Posted on July 29, 2020 at 9:35 AM by TERESA LOFLIN
Early landowning free people of color in High Point (1)
So much focus in typical historical studies is placed on slavery that it is easy to forget that there was a sizeable free black population in North Carolina in the 1850s. And in spite of restrictive laws on movement, gun ownership, marriage opportunities, and civil rights, and the danger of being virtually or actually re-enslaved through judicial sentencing, involuntary apprenticeship or kidnapping, people of color found a way to survive and even to thrive in many Southern places, particularly in towns. Free blacks often acquired important skills they could use to found businesses and gain income. Some families worked as cooks or ran laundries. There were blacksmiths, wheelwrights, and carpenters. Many early barbers were either enslaved men working for their freedom or free people of color working for themselves. High Point was no exception.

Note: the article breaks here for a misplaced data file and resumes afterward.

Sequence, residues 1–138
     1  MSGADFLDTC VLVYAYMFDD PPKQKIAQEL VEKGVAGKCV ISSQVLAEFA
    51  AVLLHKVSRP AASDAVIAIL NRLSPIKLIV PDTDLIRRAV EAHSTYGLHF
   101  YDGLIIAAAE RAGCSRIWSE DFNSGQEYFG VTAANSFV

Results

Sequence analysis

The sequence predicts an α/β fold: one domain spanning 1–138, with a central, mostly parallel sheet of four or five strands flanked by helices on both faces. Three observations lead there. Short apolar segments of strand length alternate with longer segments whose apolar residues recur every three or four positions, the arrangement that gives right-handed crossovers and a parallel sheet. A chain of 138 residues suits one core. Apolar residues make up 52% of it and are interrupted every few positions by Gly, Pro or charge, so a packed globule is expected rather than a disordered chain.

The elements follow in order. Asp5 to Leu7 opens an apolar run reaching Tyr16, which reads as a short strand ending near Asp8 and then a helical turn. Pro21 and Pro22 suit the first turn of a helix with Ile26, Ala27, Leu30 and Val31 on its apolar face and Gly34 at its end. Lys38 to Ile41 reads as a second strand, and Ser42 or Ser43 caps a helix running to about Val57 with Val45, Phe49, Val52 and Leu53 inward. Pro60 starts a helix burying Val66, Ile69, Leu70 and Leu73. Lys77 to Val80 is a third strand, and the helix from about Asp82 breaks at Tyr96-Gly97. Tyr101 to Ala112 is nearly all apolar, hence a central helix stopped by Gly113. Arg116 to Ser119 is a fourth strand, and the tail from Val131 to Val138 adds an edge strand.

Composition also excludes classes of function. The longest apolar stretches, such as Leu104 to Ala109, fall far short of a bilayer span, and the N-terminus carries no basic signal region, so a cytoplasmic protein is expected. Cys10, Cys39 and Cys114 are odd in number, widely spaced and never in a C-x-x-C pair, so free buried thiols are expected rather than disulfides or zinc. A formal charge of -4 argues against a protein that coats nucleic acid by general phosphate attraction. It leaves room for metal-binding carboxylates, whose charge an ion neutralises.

Posted on July 15, 2020 at 2:14 PM by TERESA LOFLIN
The dissolution of the Normal School and one of High Point’s earliest slave sales.
Tag(s): research, library, history, High Point
Posted on July 8, 2020 at 3:28 PM by TERESA LOFLIN
High Point Female Normal School and its founder.
One of High Point’s earliest and most important institutions was its Normal School for ladies. It was actually High Point’s counterpart to the exclusively male Normal College (later known as Trinity College) down the road, founded by Brantley York, which subsequently moved to Durham and became Duke University. In fact, the school was so important to High Pointers that they made mention of it in their petition for a city charter to the State Legislature in late 1858. They even enacted a ban on the sale of spirituous liquors within the town limits to protect impressionable students from evil influences, making that provision part of their articles of incorporation. Yet the school enjoyed a relatively short existence. What was this school all about? Who founded it and why? What was it like, and what became of it? Recent research adds to what we knew before.
Tag(s): ladies school, history, High Point, female school